The rise of populist politics and parties in recent years in Western democracies and in Russia, Eastern Europe and even in enclaves such as Philippines and India, perhaps not coincidentally has been in tandem with the rise of neo-fascism, anti-Semitism, Islamophobia, patriarchy infused with misogyny and racism in general. This has also coincided with waves of migration from emerging countries in Africa, Asia, Latin America and Eastern Europe, where refugees, economic migrants or asylum seekers are fleeing poverty, corruption and hopelessness in their own societies.
The politics of a country reflects the character of its people; however, that is an oft-quoted adage fraught with oversimplification. In reality, the rise of extreme-right parties is not new, whether in Europe or elsewhere, for the underlying causalities and the liberal democratic process is complex and fraught with shifting dynamics.
There is no doubt that the neo-fascists in Europe, Anglo-Saxon countries and in other places where whites are the majority have been emboldened by the electoral successes or progress of far-right parties. In fact, 2017 was a good year for Europe's far-right and extreme nationalists, who are strong in central Europe, especially in Austria.
While other counterparts, such as the Alternative for Germany (AfD), Geert Wilders's Freedom Party (PVV) in the Netherlands and Marine Le Pen's National Front (FN) in France, have had limited success largely because they have been ostracized and exposed for what they are by the centrist political consensus, Austria's Freedom Party (FPÖ) is the only one to have translated electoral gains in the October general election last year into real power.
It entered a coalition government with the conservative People's Party (ÖVP), led by Austrian Chancellor Sebastian Kurz, but although it is the junior partner in the coalition government, the FPÖ has secured control of ministries including interior, foreign and defense.
When democratic centrist parties, whether on the right or left, start cooperating with anti-democratic extremists then, by its very rationale and contradictions, there are no cheers for democracy. In Italy the anti-establishment Five Star Movement and the Far Right anti-immigrant Northern League formed the government after months of haggling, each finding an unlikely but expedient common ground in deportations and lifting the poor out of poverty.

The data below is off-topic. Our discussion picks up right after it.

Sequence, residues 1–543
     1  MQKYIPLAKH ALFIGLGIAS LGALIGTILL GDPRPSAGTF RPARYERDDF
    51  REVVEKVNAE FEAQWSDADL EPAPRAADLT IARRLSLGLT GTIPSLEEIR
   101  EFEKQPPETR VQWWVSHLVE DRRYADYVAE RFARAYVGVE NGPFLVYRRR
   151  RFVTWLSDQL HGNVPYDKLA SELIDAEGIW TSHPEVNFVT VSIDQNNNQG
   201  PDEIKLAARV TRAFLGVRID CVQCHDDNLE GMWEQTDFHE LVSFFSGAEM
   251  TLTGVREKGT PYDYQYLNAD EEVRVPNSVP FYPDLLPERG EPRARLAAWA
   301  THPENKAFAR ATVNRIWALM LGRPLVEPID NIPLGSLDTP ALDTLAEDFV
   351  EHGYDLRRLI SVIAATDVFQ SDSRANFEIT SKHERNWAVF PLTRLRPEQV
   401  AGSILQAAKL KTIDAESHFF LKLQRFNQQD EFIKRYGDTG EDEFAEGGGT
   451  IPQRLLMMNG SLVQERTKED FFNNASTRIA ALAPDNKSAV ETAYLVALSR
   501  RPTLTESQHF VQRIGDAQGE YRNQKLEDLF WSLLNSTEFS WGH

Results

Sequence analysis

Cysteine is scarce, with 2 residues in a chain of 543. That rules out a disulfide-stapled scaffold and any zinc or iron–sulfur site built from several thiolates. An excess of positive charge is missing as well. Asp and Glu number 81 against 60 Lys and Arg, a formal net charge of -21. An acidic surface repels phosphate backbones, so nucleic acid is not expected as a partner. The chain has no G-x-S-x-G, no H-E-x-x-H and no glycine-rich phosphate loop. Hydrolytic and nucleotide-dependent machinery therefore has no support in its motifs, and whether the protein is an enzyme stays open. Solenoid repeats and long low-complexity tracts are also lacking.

Could these be a beginning of a dangerous slippery slope that could only lead to disaster for a European continent that is the only one in contemporary history to have started and endured two so-called "world wars" in the last century? In truth, they were essentially European tribal wars pitting the Anglo Saxon British, the German Teutons and the Soviets against each other, and dragging the rest of the world into the conflict whether they liked it or not.
History bears witness that the convenient scapegoat turned out to be European Jews who, over the previous centuries, were subject to brutal anti-Semitism resulting in the Holocaust during World War II in which millions of Jews, gypsies, communists and others perished.
Reviving old memories
In 2018 Europe, it seems to be the turn of Muslims. Europe seems to be oblivious about the similarities and the danger of history sleepwalking into repeating itself. This may be an exaggeration, but perhaps in the Europe of the 1930s such a moral dereliction too was prevalent, because politicians were too obsessed with the narrow self-interest of their parties and their pockets.
It was over two centuries ago that the Anglo-Irish statesman and philosopher, Edmund Burke wrote: "The only thing necessary for the triumph of evil is for good men to do nothing."
Democratic politicians should not shy away from calling a spade a spade. Austrian Vice-Chancellor Heinz Christian Strache, leader of the Freedom Party, is a neo-fascist, and Chancellor Kurz ignores this at his own peril. The extreme right like the communists and other nondemocratic groups, including Jewish, Buddhist, Hindu and Muslim fascists, use the democratic process for expediency.